JON FAVREAU: Well, and I will say... And of course I didn't want to be leading in any of these focus groups. But in Milwaukee a couple people brought up retirement, and I said, "How much do you know about President Trump's budget around social security and Medicare?" And one person said, "I heard he was going to cut social security." And then everyone perked up, and they were like, "What? Is he going to that real?" And I'm like talk about a potent attack. Their budget on social security and Medicare and Medicaid... Medicaid, too.

CHRIS HAYES: Yes, all of it.

JON FAVREAU: Because it also introduces new information. Talking about him trying to repeal the Affordable Care Act, there wasn't the reaction that I thought it would be because it's not new information. Everyone feels like we had that fight in 2018. Introducing new information about things that Donald Trump and the Republicans are doing to try to hurt you in some way actually is very potent.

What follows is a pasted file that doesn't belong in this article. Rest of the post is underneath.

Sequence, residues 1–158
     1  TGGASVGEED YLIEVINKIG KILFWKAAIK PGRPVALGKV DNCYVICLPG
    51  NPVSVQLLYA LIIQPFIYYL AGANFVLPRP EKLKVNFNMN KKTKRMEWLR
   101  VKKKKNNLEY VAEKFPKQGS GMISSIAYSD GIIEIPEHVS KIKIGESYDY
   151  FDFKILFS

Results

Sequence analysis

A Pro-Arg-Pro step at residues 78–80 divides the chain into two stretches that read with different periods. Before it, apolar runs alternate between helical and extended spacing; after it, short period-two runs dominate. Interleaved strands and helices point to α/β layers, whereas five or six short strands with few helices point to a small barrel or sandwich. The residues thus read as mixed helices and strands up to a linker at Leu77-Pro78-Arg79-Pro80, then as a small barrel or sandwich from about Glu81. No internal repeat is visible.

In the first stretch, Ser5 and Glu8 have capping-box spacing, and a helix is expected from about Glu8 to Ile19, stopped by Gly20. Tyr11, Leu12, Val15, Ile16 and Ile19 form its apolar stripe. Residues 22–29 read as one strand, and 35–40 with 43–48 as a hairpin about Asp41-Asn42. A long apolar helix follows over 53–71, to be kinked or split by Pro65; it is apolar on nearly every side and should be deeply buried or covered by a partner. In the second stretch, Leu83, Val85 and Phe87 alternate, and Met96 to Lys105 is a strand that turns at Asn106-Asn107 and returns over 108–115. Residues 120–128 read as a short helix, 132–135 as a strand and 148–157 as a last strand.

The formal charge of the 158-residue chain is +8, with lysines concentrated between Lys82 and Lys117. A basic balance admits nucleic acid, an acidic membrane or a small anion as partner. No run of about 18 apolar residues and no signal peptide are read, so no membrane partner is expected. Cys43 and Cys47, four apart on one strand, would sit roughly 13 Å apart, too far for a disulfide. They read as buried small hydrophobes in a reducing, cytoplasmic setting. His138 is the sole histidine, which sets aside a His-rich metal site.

CHRIS HAYES: My personal theory on this, and again this is worth exactly what I'm charging you, the listener, for it, is that there's sort of two categories. There's things that he does that are traditional Republican things and things that he does that are Trump things. And everyone knows everything in the latter category, and there's no wiggle room on that, Charlottesville, kidnapping nine month old babies, all of that, some of it just horrendous and just deathlessly depraved as a moral and political matter. But running against him like you're running against Paul Ryan... He's moving to make water dirtier and the air dirtier, and to cut social security and Medicare, and to cut taxes for the rich, and to take away your health insurance. Just run against him like you're running against Paul Ryan.

JON FAVREAU: Well, and here's what the challenge is with that. So I 1000 percent agree, right?

CHRIS HAYES: But they think of him as so distinct-

JON FAVREAU: Those aren't sexy attacks.

CHRIS HAYES: Right.

JON FAVREAU: And by that I mean the conversation that's happening in the media on Twitter, right, where everyone's... If you tweet something about Donald Trump's cutting people's Medicare, no one's talking about that. That's not going anywhere. If you talk about something horrific he's doing authoritarian style or something on immigration, then people get up in arms because the conversation on Twitter and the media is primarily upper income, college educated, mostly white people. One thing I learned from these focus groups is there are so many people in the country who are not part of that conversation-